Praying Medic, the pen name of an Arizona man who has become one of the more popular and influential interpreters of the writings by the mysterious entity known as Q, has left Facebook after the social media website announced a crackdown on pages promoting the QAnon conspiracy.
QAnon, a set of baseless online conspiracy claims, generally alleges that high-ranking officials are covering up secret sex crimes and other evils. It has become a prominent issue during this campaign season, as more activists support the idea, and as Republicans including the president have been slow to condemn it.
Also this week, a page for an Arizona-based militia mobilizing group was removed. That page was not posted to support QAnon, though Rise supporters overlapped with other activists who are QAnon proponents.Facebook had previously announced it was disabling accounts that promoted violence.
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In a video posted on Tuesday, Dave Hayes, of Gilbert, whose Praying Medic persona has amassed more than 750,000 followers across Twitter and YouTube, said he had voluntarily pulled down his pages off Facebook and Instagram before they were involuntarily unpublished.
“It’s either I take them down, or they’re going to be taken down,” he said during the Q-related newscast he regularly produces.
An untold number of other Arizonans have lost their Facebook pages due to the crackdown announced Tuesday by the social media site.
QAnon enters politics
Facebook had previously said it was cracking down on websites that promoted violence, either by invoking the QAnon conspiracy or through militia groups. But, in a post on Tuesday, Facebook said that proved inadequate and it was enacting a shutdown of any page promoting the false QAnon conspiracy, which started on the fringes but has moved squarely into mainstream political discourse.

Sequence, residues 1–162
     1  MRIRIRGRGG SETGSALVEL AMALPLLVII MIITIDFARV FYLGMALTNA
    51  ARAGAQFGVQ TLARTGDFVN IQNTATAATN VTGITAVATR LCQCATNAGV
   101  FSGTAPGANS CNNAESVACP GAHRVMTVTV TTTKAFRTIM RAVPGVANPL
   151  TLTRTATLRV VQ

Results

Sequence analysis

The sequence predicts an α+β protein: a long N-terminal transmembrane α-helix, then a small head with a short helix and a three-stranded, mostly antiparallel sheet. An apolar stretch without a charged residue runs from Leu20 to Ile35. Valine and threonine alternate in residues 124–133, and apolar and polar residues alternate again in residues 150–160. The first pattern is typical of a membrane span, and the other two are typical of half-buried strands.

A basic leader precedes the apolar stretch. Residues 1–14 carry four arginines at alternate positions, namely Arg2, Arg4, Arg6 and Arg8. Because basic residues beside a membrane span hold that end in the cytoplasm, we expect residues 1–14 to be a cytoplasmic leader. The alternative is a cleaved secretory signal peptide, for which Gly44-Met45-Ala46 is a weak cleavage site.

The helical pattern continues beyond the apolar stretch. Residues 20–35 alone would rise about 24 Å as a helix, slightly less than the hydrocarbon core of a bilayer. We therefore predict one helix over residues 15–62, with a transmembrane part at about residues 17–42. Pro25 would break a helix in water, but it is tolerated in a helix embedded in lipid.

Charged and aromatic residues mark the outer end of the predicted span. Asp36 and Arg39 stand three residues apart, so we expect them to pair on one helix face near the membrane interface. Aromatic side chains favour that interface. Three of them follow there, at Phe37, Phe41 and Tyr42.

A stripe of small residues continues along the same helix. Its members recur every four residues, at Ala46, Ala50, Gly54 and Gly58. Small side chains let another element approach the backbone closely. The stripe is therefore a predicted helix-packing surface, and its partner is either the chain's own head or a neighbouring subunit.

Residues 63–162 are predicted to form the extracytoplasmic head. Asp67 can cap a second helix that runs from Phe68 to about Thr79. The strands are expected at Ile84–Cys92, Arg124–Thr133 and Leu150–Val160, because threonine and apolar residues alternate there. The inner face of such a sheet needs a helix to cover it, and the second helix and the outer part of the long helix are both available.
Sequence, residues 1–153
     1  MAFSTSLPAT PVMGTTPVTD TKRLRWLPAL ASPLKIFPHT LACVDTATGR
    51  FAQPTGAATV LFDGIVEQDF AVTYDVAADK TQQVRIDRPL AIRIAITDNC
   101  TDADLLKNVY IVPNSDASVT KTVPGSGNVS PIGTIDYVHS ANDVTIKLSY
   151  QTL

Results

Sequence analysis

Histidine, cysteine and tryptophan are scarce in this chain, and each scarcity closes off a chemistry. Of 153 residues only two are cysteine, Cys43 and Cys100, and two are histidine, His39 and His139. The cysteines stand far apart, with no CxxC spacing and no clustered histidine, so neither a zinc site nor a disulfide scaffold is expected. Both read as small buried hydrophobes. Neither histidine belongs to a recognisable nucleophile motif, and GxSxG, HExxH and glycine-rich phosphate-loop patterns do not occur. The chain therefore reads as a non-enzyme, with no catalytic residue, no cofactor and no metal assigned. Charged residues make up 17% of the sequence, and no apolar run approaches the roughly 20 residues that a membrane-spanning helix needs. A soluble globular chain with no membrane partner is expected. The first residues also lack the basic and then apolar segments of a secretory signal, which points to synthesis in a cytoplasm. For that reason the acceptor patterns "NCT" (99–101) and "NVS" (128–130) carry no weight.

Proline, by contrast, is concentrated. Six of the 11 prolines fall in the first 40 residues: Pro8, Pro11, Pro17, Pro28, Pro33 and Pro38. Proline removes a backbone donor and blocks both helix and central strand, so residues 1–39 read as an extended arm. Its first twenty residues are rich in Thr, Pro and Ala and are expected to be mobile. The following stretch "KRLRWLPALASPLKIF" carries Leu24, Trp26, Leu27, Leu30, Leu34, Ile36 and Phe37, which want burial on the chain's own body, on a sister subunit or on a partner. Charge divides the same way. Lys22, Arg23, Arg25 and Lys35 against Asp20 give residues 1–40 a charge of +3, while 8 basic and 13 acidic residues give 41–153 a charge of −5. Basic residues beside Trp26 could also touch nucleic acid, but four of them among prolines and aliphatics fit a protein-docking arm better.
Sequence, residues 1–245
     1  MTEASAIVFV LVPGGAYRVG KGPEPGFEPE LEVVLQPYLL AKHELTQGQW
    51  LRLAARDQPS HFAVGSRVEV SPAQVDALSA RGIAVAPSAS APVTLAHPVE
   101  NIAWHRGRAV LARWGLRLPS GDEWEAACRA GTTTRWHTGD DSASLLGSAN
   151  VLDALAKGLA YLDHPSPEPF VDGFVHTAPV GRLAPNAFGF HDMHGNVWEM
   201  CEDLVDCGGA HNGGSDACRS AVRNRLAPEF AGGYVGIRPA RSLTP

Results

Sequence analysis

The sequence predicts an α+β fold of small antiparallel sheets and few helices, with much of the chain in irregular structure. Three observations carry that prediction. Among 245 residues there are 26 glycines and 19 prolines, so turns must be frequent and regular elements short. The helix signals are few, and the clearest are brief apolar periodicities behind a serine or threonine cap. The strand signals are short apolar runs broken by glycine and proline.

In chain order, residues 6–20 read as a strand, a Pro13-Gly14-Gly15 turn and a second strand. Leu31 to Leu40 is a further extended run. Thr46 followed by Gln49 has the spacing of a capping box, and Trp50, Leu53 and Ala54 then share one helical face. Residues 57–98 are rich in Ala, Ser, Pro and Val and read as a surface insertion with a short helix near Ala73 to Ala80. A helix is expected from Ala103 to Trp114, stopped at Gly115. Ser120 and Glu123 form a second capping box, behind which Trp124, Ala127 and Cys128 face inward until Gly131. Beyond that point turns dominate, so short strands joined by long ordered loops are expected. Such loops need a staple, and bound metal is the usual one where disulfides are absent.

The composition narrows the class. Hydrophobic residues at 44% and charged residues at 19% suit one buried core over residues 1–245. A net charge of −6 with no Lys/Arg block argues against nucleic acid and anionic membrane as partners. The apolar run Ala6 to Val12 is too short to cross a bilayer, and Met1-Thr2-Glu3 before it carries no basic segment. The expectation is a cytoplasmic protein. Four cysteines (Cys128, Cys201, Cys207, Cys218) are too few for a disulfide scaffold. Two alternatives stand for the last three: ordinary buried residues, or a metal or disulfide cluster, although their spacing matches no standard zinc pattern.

Dozens of Congressional candidates nationwide, including two Republican candidates in Arizona, have posted about Q. Two state lawmakers in Arizona have also posted Q content, though one said he regretted it. At least two candidates for the state legislature are Q adherents.
Facebook said it was expanding its ban on QAnon because non-violent discussions among believers were causing real-world harm. It cited false concerns that wildfires in California and Oregon were caused by Antifa or similar left-wing groups, diverting public safety resources.
Facebook had previously taken measures against Praying Medic, according to posts Hayes wrote on his blog. In May, he said he lost administrative control of the page because his QAnon postings violated Facebook standards. He said the postings and videos remained, but he had no control to add new postings.
It was not immediately clear if Facebook restored Hayes’s administrative access, and, if not, how he was able to take down his page voluntarily before the crackdown.
Hayes did not respond to a request for a phone interview.
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Hayes, since December 2017, has provided viewers digests of postings and news about the Q phenomenon in a calm matter-of-fact voice that belies the dire and dark contours of the conspiracy that imagines a ruling global cabal of pedophiles.